Erik Heitmann is a citizen scientist with Maine Audubon’s Brook Trout Pond Survey program.
This past summer, he visited a remote pond in northern Maine with his daughter, Eva, searching for the presence of native brook trout. Survey information collected by anglers will be used to help identify populations of brook trout to be eligible for conservation management practices. To learn how you can get involved in the Brook Trout Pond Survey, visit maineaudubon.org/brooktrout.
What does conservation mean to you?
Conservation was a word I knew while growing up, but didn’t fully realize its importance. Now I think there is a big difference between conservation and preservation. Conservation is about being conscious – to be aware of what you give and take from nature while you enjoy the outdoor. For instance, you see a sandwich bag along the side of the river while you are fishing – you pick it up. Always keep your impact down while you are out there and be sure to teach the young ones the same concepts.
How did you first hear about Maine Audubon?
My recollection is that I was probably younger than 10 years old. A friend’s mother was an avid bird watcher and I heard about it from her.
Why did you choose to become a Maine Audubon volunteer?
I love trout fishing! Any reason to go trout fishing is enough of an excuse for me. I feel so fortunate to have been able to go to some of the remote ponds and that I was able to take my oldest daughter and share the experience with her.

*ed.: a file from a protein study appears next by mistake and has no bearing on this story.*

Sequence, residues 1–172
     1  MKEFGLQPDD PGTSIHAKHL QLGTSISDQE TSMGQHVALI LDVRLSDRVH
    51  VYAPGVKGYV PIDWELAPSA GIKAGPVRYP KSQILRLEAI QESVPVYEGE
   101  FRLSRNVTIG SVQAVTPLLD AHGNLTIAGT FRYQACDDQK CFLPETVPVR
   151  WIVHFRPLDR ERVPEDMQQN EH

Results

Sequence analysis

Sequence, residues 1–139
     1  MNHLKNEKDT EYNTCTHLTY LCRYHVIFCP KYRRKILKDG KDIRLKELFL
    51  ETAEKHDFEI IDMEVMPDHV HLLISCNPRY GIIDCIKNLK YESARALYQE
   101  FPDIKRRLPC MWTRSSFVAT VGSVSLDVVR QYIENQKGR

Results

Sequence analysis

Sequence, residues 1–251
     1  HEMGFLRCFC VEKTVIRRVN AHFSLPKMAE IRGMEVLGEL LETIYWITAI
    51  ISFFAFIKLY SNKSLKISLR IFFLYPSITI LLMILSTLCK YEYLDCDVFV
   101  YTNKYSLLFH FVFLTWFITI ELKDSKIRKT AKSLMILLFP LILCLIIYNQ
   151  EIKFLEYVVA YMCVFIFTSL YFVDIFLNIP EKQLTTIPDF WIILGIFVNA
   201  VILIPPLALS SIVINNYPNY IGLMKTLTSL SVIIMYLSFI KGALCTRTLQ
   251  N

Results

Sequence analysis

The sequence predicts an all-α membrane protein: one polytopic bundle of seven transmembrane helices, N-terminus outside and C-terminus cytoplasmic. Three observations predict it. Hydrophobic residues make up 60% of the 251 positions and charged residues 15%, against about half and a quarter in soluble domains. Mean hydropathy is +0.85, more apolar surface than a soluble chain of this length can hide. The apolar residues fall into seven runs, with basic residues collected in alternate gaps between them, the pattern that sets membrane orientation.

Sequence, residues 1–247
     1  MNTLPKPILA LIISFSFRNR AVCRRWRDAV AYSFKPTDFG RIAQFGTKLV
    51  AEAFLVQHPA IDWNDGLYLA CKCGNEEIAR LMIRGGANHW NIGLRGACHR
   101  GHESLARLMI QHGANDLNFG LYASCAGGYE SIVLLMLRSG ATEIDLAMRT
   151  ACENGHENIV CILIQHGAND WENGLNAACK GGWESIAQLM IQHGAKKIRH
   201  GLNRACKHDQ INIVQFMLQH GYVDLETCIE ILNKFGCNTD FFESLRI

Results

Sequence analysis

What do you hope your volunteer work will accomplish?
These streams and ponds are as old as the glaciers and wildlife managers need to know about them. Someone could stock them with pickerel and who would know? Maine has one of the best trout fisheries in the country and this project helps us maintain that status. I plan on helping with the survey until all the ponds have been catalogued.
What has been your favorite moment as a volunteer?
Slashing through the thick forest and suddenly coming upon a body of water. This even got Eva excited and distracted as she fought off the mosquitos!
What’s your favorite place in Maine?
That’s sort of a loaded question for me. I grew up in the coastal Blue Hill area of Maine so I’ve got that blood in me. Inland, I love the Rangeley area, especially for fishing, but Baxter holds a lot of memories from days with my grandfather. I really can’t tell you one place that is my favorite and that’s a testament to how great a state we live in.
What’s your favorite Maine wildlife species?